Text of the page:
Spectred Isle is set in the aftermath of the First World War, and much of the book is spent trying to find sense and a place in that post-war world. One main character is Saul Lazenby, an archaeologist who ended his war in disgrace after his homosexual love affair landed him in hot water; the other is Randolph Glyde, heir to an illustrious family and last survivor. Saul’s getting by through working for a harmless crank who wants every last sacred well or mysterious ghost story investigated, and Randolph’s trying to do all kinds of jobs at once, carrying on his family’s ancient duty to protect the land from supernatural influences.

Naturally, the two come together, both personally and professionally; they spend a good portion of the book dancing around it, but then quickly find that the other offers everything they’ve been lacking — Saul gets a purpose again, while Randolph finds Saul the answer to his worries about a significant part of his family duty, but then also they offer healing and hope to each other on a personal level as well. I love the way their relationship is written: they communicate forthrightly, make it clear what they each want, and also make it clear what the catch is. Randolph might be eager to have Saul in his life, but he’s not eager to do so on false pretences.

(For those mostly here for the romance, yes, there is a HEA, and there are several sex scenes.)

I’d love to know so much more about this world, which means I’d happily read any other books in this world, which at the moment means The Secret Casebook of Simon Feximal. I have so many questions about the other characters, about the way things work, about the complications doubtless ahead for Randolph and Saul with the guardianship of the Moat, with the Shadow Ministry, etc, etc. Sadly, looks like book two has got into some tangles and is on hold. Luckily, Saul and Randolph’s story is complete enough in itself to be satisfying, so don’t let that hold you back!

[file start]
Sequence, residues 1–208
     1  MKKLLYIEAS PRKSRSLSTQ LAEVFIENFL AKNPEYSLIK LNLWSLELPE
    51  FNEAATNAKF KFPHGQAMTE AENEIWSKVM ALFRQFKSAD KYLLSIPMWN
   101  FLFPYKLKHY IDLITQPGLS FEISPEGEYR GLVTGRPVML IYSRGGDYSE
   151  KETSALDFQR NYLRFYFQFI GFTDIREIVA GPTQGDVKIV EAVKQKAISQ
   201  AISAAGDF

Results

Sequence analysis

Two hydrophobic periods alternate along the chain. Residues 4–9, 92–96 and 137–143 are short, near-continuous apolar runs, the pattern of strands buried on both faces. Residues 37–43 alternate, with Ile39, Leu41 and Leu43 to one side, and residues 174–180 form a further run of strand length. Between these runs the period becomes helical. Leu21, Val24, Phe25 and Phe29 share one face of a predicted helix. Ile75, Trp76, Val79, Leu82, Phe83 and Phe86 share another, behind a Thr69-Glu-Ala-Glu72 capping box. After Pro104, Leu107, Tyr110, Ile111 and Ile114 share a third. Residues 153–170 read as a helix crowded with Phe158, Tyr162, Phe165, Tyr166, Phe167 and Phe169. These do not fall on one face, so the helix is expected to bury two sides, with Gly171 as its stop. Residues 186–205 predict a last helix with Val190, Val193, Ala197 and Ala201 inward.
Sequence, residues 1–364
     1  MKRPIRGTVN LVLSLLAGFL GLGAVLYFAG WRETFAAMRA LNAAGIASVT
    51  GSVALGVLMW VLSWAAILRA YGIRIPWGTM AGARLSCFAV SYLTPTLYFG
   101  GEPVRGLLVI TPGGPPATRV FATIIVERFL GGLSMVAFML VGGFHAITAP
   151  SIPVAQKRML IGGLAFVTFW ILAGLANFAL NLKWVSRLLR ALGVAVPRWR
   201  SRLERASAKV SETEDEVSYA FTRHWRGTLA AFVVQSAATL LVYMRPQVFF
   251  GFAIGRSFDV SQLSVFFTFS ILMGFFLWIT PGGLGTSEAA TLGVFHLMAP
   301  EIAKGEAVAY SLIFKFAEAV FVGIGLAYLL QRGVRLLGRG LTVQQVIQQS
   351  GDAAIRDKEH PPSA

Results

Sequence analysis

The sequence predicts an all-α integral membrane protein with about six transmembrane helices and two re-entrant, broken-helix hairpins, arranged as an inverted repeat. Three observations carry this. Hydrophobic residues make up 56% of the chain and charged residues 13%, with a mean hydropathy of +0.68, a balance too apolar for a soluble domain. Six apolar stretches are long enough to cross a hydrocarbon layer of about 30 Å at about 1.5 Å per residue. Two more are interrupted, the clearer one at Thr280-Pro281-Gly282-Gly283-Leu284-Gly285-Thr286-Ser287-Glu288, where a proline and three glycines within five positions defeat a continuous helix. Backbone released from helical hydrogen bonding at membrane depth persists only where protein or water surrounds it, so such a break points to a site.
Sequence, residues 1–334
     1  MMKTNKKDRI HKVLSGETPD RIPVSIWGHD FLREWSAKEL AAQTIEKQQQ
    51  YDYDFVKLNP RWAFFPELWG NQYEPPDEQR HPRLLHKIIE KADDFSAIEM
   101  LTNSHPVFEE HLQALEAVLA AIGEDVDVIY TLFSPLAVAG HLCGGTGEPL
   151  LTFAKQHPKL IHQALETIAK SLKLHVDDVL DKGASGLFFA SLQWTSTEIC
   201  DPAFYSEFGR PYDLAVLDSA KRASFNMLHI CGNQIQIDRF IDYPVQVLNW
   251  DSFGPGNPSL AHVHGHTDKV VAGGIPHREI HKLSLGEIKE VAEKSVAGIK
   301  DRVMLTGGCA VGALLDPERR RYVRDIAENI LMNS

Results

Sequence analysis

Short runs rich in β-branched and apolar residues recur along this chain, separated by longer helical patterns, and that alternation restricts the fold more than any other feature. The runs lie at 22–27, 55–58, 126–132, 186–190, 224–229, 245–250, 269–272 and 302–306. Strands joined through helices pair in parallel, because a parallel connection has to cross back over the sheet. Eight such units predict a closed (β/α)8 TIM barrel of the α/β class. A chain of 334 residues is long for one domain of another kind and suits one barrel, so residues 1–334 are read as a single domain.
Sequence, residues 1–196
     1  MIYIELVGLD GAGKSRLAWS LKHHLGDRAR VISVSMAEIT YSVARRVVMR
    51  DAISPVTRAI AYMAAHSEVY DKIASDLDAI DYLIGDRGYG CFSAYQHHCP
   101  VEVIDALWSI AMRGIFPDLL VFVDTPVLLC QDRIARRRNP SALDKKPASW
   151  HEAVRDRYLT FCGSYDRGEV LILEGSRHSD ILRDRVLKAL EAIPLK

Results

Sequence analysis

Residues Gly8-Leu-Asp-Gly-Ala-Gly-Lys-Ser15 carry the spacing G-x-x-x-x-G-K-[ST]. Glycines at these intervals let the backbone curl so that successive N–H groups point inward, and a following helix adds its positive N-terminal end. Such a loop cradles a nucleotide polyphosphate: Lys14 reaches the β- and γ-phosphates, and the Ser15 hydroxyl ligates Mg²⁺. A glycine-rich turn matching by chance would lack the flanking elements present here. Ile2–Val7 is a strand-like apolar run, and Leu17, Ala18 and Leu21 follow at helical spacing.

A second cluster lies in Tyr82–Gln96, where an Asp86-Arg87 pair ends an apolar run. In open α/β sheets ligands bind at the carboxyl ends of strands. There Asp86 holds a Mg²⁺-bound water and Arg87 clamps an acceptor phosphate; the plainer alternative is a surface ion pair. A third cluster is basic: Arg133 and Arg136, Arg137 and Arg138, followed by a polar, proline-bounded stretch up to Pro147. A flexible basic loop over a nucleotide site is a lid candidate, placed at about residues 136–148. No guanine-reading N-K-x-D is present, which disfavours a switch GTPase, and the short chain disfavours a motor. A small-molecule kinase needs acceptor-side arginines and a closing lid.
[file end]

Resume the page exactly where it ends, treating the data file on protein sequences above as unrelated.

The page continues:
Rating: 4/5

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Discussion: Putting the Joy Back Into It

Posted 17 September, 2019 by Nikki in Uncategorized / 6 Comments

Well folks, the time has come to talk of many things. Just up front: I’m not quitting blogging! Things just need to change, that’s all.

But let’s begin at the beginning, with the background: for the last year or two, or… no, let’s be honest, at least three or four years now, reading has started to feel like a bit of a chore. Not all the time, but more and more. When I do read, I enjoy it, but it’s become something I almost have to schedule time for. I’ve tried a couple of different things to make that better (Game of Books is one of them), but I think overall it’s become a bit too much of a boxticking activity. Every so often I get the urge to kick over the traces and ditch all my rules, and each time it’s resulted in a new set of rules and no net gain.

(Particularly because the average number of books I read in a year has fallen, despite all the lists, all the desperation to keep up with things!)

Balls to that, right? So, when was I happy with my reading last? I think in retrospect I’d put that at about the time I started leaving Goodreads, before I kept track of things with spreadsheets and before I started trying to keep some kind of regular blog schedule. (Actually, I pinned this solely to the spreadsheets, but the wife-creature kept poking me to think about what else might be in play.)